Supercomputers help build nuclear weapons, design aerospace engines, and produce lifesaving drugs. For years, the U.S. had the best and biggest arsenal. Until China got in the game.
Lawrence Livermore National Laboratory is one of the great symbols of America’s scientific and military prowess. For six decades, here on this tranquil campus tucked away in the hill country east of San Francisco, where scientists stroll along leafy paths and zip to meetings on bicycles, huge breakthroughs have been made, like the discovery of a half-dozen elements on the periodic table and the detection of a key component of dark matter.
Livermore’s biggest claim to fame involves designing the world’s most advanced nuclear warheads—this was the mission of the lab when it was created in 1952 by Edward Teller, father of the hydrogen bomb. To do this, Livermore relies on powerful machines called supercomputers, which hum away inside top-secret, heavily guarded buildings. The U.S. has long dominated the industry. Which is what made the news that Bruce Goodwin, head of the lab’s weapons program, received last November all the more momentous: the Chinese had unveiled the world’s most powerful supercomputer, a machine five times more powerful than Livermore’s biggest computer.
To most of us, this might sound like no big deal, akin to Apple coming out with a faster smartphone than Microsoft. But to the scientists, industry titans, and world leaders who understand how delicate America’s position as a global superpower really is, this was a Sputnik moment. Only this time, it wasn’t Russia trouncing the U.S. in the space race, but China surging ahead in one of the most vital areas of national security. By running thousands of processors in parallel, supercomputers not only help design weapons systems, they also model climate change, crack codes, and help develop new and life-changing drugs. Cranking out 500 trillion operations per second, just one of Livermore’s supercomputers throws off so much heat that if the air-conditioning system were to fail, the computer would start to melt within minutes.
Globally, high-performance computing is a $25.6 billion industry, and whoever holds the lead in the field gains huge economic and military advantages. Or put another way, if the U.S. falls behind in supercomputing it could quickly lose its edge in all areas of science, in industries like oil and gas exploration and pharmaceutical research, and in security and military fields. In the race to develop the most powerful computers, both our economic prosperity and our national security are on the line.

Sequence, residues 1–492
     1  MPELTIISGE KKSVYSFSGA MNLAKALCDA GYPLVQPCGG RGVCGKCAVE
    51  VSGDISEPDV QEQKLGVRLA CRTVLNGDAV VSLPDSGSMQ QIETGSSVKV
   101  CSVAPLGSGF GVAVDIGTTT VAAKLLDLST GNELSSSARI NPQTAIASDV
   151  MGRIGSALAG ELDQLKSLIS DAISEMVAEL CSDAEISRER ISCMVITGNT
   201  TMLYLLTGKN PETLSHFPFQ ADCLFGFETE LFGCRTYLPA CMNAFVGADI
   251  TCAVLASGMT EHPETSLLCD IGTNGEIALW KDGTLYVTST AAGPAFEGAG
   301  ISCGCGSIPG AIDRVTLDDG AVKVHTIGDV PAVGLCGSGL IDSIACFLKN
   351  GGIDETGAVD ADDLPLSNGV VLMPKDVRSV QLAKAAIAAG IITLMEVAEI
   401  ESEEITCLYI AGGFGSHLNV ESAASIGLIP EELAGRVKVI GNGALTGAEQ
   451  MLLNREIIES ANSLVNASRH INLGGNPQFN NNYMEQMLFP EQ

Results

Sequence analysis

When China flipped the switch on the Tianhe-1A, also called the "Milky Way" supercomputer, last fall, it placed itself at the top of the technology world with a stunning demonstration of its newfound engineering prowess. The Chinese grip on the top spot turned out to be short-lived, since six months later, a team in Japan announced an even bigger supercomputer that bumped Tianhe-1A into second place. Nevertheless, the Chinese had made their point, demonstrating to the world that when it comes to developing the newest, biggest, fastest machines, the inconvenient truth is that China, our No. 1 military and political rival, now runs neck and neck with the U.S. in a field that for decades the U.S. dominated. Experts predict China will soon leapfrog Japan again. Already, it has 74 of the 500 biggest supercomputers in the world, up from zero a decade ago and second only to the U.S., which has 263. And while the U.S. struggles to fund new development, China seems to have limitless resources to pursue its ambitious goals. 'We’re scared," says Dona Crawford, who runs computing at Livermore. "This technology is fundamental for our national security, and for our economic competitiveness. Are we really going to let this slip away? Yeah, we’re scared."
But they’re not bowing out. The Livermore team is now designing an enormous new supercomputer that will yoke together more than a million microprocessors and produce eight times the power of the Tianhe-1A. Built by IBM and code-named Sequoia, it’s scheduled to be completed by the end of 2012. The official cost of the project is undisclosed, but it certainly will soar into the hundreds of millions of dollars, with Livermore putting up $200 million and IBM contributing untold millions more. It’s a huge and risky bet, even more so in these perilous economic times.
China’s emergence as a supercomputing superpower should not have come as a surprise. They’ve been talking about this for 20 years. ÒIt’s just that nobody believed them," says Wu Feng, a professor of computer science at Virginia Tech. "Now it’s like a freight train. It’s coming on so fast, and a lot of people are worried."